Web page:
RFR(s) #2: 6344935: (spec) clarify specifications for Object.wait overloads

Martin Buchholz martinrb at google.com
Wed Aug 23 05:05:20 UTC 2017

weird in that it takes a wall clock Date that is subject to system
administrator action like date(1).  And Date is one of those classes
everyone loves to hate.

Using a nanoTime deadline in the API had never occurred to me.  Using a
duration in the API is more natural.  It seems reasonable to try to push
complexity of recomputing wait times to the library.  OTOH it introduces
weirdness of nanoTime wraparound, which the wait API would need to
explain.  There's a pitfall where a call poll(Long.MIN_VALUE, NANOSECONDS)
might end up wrapping to a positive wait near Long.MAX_VALUE, if the
implementor of poll failed to check for a negative timeout.  Maybe I'm
talking myself into an advocate for Guava Monitor
I have also done some work on.

On Tue, Aug 22, 2017 at 9:21 PM, Hans Boehm <hboehm at google.com> wrote:

> In general, this seems much easier to get right with a timed wait that
> takes an absolute deadline instead of a relative timeout interval.
> Condition seems to have such a method, but it doesn't appear the easiest to
> use. I'm not quite sure what the right Java API would look like.
> On Mon, Aug 21, 2017 at 8:32 AM, Martin Buchholz <martinrb at google.com>
> wrote:
>> On Sun, Aug 20, 2017 at 9:53 PM, David Holmes <david.holmes at oracle.com>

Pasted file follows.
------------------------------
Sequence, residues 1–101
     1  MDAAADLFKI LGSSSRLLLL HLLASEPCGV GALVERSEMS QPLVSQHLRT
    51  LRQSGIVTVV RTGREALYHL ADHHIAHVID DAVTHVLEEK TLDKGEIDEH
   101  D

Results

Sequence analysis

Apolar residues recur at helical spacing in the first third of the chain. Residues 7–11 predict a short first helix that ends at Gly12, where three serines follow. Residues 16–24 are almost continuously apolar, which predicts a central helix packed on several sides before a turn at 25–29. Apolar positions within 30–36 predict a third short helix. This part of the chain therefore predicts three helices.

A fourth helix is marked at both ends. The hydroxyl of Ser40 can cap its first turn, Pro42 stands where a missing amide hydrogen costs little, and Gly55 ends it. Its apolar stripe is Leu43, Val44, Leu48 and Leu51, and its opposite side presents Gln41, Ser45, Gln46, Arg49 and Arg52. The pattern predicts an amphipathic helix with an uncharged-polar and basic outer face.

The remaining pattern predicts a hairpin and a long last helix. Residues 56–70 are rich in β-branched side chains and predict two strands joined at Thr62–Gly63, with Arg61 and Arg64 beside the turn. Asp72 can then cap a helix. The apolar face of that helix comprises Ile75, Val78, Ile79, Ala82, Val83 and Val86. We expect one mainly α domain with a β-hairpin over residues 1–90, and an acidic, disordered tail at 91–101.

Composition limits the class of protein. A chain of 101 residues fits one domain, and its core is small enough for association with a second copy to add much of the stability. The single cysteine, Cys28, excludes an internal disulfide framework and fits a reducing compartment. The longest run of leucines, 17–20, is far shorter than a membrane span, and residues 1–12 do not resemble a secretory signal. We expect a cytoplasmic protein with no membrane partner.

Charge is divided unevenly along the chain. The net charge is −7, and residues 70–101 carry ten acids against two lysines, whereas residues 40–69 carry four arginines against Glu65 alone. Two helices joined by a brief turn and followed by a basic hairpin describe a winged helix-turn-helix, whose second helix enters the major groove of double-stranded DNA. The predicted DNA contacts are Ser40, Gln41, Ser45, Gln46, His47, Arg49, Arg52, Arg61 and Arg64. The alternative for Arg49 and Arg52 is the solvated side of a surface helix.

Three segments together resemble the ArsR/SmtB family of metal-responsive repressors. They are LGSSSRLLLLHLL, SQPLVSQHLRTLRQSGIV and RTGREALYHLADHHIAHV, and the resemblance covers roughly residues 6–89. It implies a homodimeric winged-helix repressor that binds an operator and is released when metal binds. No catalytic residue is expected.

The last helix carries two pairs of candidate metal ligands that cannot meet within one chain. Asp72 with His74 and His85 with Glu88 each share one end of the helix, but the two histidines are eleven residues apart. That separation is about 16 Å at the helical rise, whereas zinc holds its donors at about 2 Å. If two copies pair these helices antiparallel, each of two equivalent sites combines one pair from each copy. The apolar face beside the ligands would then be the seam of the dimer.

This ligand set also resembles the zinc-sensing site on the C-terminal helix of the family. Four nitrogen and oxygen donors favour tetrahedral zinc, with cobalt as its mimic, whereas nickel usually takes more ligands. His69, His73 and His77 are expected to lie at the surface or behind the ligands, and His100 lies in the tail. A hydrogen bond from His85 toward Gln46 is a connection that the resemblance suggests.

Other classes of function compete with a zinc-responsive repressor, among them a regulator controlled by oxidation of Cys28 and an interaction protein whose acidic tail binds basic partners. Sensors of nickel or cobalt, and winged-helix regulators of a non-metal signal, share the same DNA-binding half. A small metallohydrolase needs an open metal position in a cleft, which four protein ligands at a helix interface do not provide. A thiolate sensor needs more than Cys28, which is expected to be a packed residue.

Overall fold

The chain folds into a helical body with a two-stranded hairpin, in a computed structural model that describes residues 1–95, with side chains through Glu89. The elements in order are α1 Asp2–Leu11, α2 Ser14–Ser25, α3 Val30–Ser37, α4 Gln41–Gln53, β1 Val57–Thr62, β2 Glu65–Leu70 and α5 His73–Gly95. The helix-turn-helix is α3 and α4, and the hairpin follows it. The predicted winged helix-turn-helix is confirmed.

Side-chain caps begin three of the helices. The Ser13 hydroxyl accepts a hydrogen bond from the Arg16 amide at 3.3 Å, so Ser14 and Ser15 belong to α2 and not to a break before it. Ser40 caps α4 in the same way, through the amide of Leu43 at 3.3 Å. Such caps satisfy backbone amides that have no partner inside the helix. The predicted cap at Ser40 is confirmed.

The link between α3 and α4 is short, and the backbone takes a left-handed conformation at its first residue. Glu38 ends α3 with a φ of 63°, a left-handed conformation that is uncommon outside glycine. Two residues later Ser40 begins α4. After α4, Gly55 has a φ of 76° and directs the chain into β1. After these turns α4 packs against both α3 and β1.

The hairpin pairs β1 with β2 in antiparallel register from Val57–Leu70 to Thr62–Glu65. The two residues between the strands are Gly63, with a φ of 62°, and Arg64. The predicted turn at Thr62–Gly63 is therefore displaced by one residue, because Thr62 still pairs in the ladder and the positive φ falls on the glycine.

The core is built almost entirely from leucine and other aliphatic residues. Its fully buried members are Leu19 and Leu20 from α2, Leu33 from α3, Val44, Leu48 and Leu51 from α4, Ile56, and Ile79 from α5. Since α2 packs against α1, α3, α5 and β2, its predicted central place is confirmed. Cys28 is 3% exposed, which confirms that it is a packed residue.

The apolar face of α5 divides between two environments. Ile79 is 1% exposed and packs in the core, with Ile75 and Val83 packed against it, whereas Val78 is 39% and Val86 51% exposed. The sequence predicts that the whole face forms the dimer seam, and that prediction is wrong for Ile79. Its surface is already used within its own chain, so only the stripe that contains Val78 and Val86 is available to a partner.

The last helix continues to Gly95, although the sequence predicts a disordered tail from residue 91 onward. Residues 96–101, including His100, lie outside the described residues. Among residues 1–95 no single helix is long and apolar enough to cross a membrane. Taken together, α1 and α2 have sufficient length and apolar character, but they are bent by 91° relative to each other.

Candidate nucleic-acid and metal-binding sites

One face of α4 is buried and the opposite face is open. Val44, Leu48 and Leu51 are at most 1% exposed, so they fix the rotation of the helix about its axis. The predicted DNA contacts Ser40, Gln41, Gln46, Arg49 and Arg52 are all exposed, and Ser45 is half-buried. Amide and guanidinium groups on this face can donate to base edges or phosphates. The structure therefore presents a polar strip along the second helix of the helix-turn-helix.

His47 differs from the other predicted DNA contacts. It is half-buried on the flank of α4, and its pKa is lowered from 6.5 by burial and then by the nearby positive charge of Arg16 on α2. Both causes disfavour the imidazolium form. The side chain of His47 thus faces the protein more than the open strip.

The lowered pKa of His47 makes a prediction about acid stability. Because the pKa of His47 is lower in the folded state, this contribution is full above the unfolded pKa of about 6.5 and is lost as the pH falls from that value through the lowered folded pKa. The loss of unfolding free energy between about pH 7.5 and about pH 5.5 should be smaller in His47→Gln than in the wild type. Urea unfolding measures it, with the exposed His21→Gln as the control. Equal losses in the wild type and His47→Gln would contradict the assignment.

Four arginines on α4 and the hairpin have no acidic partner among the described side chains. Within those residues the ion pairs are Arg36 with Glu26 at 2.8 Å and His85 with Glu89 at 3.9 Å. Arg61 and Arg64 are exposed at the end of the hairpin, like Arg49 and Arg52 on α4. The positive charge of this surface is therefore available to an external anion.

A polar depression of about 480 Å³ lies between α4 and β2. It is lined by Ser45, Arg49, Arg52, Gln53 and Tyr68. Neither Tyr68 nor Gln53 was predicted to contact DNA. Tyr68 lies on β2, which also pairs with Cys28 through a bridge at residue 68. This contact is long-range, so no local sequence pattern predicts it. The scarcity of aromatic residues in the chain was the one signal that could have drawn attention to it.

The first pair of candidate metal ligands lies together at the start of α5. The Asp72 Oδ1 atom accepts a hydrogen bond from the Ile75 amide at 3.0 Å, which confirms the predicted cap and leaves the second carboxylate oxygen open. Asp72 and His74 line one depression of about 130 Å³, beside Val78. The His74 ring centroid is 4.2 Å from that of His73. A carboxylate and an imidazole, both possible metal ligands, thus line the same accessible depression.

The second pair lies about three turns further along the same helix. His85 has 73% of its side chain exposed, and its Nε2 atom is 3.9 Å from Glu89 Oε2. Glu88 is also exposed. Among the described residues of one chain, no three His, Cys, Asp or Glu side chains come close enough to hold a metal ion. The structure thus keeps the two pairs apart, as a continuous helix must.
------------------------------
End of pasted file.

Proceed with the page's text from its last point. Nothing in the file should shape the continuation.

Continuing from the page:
>> wrote:
>>> On 21/08/2017 2:07 PM, Martin Buchholz wrote:
>>>> On Sun, Aug 20, 2017 at 6:36 PM, David Holmes <david.holmes at oracle.com
>>>> <mailto:david.holmes at oracle.com>> wrote:
>>>>     On 20/08/2017 6:37 AM, Martin Buchholz wrote:
>>>>         Future projects:
>>>>         377 * <li>The specified amount of real time has elapsed, more or
>>>>         less.
>>>>         Replace with
>>>>         * <li>At least the specified amount of real time has elapsed.
>>>>         (I think I failed to persuade David last time ...)
>>>>     And you will continue to do so. :) In the presence of spurious
>>>>     wakeups it is completely untestable to say "at least the specified
>>>>     time has elapsed"
>>>> My view is that spurious wakeup is a separate item in this list. "The
>>>> specified amount of real time has elapsed" should only be about "normal"
>>>> timeout.
>>> And if you could perform whitebox testing that peeks inside to be able
>>> to make the distinction that would be fine. But in terms of the API and any
>>> conformance test, it is impossible to distinguish between an "early return"
>>> and a "spurious return". So specifying "at least ..." is meaningless so
>>> long as spurious wakeups are allowed.
>> The testability difference is that regular timeout is "normal" whereas
>> spurious wakeup must be "rare" (although of course "rare" is hard to pin
>> down).
>> Before we fixed
>> 8065372: Object.wait(ms, ns) timeout returns early
>> <https://bugs.openjdk.java.net/browse/JDK-8065372>
>> returning early was unacceptably common

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